from PR Newswire
Roche today announced the initiation of its first Phase 1 clinical trial to investigate the safety and tolerability of a molecule designed to address the cognitive and behavioral deficits associated with Down syndrome.
"There is currently a large unmet medical need for the treatment of cognitive impairments in individuals suffering from Down syndrome," comments Luca Santarelli, Global Head of Roche Neurosciences Disease Translational Area. "Our strategy at Roche neurosciences is to specifically address these serious conditions that have no approved, effective or safe treatment. This is why we have a strong commitment to neurodevelopmental disorders, including genetic disorders like Down syndrome or Fragile X, as well as autism spectrum disorders."
Enhancing brain functions such as cognition and language in individuals with Down syndrome holds the promise to help these individuals conduct a more independent life. This may result from the improved ability to carry out every day's practical tasks such as finding an apartment, maintaining a job, or having a more fulfilling social life. These improvements can have a significant impact on functioning and quality of life of Down syndrome individuals as well as help reduce the burden for families, caregivers and the society.
"This study will target only adults between 18 and 30 years old, but we believe that an earlier intervention in Down syndrome has the potential for a greater medical impact," says Paulo Fontoura, Head of Translational Medicine in the Roche Neurosciences Disease Translational Area. "While we are still at the early stage, we are confident that our drug's mechanism of action can potentially open the door to further promising investigations in upcoming years."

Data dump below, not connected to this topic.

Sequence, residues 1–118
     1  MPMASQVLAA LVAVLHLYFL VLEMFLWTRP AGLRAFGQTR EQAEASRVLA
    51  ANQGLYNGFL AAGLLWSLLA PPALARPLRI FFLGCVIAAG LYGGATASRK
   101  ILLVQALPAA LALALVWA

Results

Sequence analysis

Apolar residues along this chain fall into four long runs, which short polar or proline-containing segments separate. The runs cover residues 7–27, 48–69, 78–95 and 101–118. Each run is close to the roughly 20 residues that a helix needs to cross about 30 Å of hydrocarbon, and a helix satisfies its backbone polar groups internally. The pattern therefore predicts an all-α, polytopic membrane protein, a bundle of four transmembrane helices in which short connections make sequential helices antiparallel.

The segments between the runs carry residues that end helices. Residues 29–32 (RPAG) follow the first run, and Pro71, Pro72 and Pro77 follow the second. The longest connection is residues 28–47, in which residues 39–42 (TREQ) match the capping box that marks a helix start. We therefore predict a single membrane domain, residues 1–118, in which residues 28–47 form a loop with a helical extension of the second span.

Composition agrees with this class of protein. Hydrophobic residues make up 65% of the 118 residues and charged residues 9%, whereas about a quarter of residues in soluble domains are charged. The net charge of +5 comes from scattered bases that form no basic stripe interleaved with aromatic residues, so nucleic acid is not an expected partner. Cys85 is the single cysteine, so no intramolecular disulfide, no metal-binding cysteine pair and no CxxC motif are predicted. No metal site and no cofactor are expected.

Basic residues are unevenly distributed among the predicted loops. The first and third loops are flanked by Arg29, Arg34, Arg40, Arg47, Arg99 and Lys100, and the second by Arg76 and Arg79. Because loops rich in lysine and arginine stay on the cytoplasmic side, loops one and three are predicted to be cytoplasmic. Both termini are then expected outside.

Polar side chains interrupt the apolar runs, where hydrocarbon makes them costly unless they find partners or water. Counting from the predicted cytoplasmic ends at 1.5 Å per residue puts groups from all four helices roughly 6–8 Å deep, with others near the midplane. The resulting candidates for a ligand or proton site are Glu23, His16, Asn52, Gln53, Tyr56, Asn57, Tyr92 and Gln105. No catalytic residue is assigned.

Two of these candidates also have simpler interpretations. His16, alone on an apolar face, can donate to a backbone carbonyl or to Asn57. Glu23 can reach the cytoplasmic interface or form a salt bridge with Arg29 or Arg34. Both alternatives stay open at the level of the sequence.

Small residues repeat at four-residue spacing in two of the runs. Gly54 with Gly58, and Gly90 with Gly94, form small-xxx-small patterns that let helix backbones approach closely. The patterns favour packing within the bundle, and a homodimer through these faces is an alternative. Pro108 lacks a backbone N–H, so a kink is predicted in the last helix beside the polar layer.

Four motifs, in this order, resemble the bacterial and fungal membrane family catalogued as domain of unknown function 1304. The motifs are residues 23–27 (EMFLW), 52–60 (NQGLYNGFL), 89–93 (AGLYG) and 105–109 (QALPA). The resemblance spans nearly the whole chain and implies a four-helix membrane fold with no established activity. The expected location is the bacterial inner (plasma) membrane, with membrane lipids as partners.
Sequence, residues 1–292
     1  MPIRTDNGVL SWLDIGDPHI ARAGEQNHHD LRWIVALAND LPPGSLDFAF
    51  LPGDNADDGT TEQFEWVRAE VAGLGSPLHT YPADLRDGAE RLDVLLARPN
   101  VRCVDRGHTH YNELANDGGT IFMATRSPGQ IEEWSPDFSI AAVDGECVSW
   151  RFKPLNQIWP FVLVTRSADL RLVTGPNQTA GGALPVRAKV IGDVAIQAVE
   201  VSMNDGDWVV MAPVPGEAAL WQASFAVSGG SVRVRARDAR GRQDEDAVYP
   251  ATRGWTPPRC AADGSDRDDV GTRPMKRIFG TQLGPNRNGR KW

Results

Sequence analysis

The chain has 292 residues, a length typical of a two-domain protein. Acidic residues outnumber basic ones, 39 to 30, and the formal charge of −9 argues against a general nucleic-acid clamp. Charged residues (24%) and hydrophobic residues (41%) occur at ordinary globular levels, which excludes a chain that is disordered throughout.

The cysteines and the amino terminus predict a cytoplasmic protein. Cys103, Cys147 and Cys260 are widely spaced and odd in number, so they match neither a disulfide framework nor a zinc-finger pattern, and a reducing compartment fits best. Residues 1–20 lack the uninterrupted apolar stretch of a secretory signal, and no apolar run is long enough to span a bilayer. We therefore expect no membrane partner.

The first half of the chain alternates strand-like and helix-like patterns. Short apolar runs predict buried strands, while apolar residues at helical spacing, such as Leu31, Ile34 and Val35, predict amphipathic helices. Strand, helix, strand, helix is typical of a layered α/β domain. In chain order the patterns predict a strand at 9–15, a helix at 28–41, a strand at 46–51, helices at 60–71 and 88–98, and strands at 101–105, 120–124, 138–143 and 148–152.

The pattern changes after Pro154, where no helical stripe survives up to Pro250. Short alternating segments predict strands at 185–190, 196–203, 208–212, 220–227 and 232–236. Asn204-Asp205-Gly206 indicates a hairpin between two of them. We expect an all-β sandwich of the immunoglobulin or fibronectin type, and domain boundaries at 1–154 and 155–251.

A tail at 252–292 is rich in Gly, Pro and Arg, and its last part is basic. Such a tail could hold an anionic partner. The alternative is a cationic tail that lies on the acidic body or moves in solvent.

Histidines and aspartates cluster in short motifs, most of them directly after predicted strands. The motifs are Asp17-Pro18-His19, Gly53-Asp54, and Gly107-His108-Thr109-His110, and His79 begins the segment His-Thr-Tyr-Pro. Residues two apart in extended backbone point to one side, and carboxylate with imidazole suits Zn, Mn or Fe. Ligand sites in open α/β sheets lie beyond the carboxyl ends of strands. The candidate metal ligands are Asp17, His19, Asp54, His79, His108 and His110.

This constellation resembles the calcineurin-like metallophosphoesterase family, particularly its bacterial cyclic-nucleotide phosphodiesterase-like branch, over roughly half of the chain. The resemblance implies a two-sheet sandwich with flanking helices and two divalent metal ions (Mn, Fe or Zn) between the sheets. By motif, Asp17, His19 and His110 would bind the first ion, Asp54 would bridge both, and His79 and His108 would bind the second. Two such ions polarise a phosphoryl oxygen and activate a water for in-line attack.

Based on animal models, an imbalance between excitatory and inhibitory neurotransmission has been proposed among the underlying causes of altered brain function in individuals with Down syndrome. Roche's investigational drug is being assessed for its ability to address this imbalance by targeting the GABAergic* system.
*GABA: gamma-amino butyric acid
This placebo-controlled study will assess the safety and tolerability of the investigational drug in individuals with Down syndrome. It will recruit up to 33 individuals in one or two countries. For more information on the study, access the Roche Clinical Trials Protocol Registry and Results Database: http://www.roche-trials.com/
This is wonderful news. Once the pharmeceutical community catches on to the fact that there is more money (or at least as much) in improving the lives of those with Down syndrome than there is in ending them through prenatal testing and abortion, then we might have a true chance to give people with Down syndrome the same chance at a normal life that has been given to many others who have medical conditions.
Its about time!
This GABA drug sounds like what Dr William Mobley was describing in his lecture at Cold Spring Harbor Labs in spring of 2009. He estimated it would take ten years to bring the drug to the market, and now clinical trials are beginning after two years. That's eight years to go.
Read the entire article here.